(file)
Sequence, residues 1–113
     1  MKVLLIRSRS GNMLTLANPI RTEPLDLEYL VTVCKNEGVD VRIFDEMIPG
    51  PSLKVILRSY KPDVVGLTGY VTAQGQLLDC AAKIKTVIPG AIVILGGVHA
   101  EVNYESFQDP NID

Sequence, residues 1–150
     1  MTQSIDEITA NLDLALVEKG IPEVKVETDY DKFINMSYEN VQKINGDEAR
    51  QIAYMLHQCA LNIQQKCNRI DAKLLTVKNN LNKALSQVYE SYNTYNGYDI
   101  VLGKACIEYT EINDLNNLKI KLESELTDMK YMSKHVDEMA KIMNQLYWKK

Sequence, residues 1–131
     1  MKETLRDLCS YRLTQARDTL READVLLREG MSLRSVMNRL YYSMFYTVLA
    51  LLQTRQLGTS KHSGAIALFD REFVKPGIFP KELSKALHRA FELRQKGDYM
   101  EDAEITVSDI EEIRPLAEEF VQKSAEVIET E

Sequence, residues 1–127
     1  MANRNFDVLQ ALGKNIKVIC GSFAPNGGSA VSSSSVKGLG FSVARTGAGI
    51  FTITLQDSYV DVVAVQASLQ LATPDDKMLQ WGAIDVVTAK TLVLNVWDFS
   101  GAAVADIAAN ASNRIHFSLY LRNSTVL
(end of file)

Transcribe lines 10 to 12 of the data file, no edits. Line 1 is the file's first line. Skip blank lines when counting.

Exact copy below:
     1  MKETLRDLCS YRLTQARDTL READVLLREG MSLRSVMNRL YYSMFYTVLA
    51  LLQTRQLGTS KHSGAIALFD REFVKPGIFP KELSKALHRA FELRQKGDYM
   101  EDAEITVSDI EEIRPLAEEF VQKSAEVIET E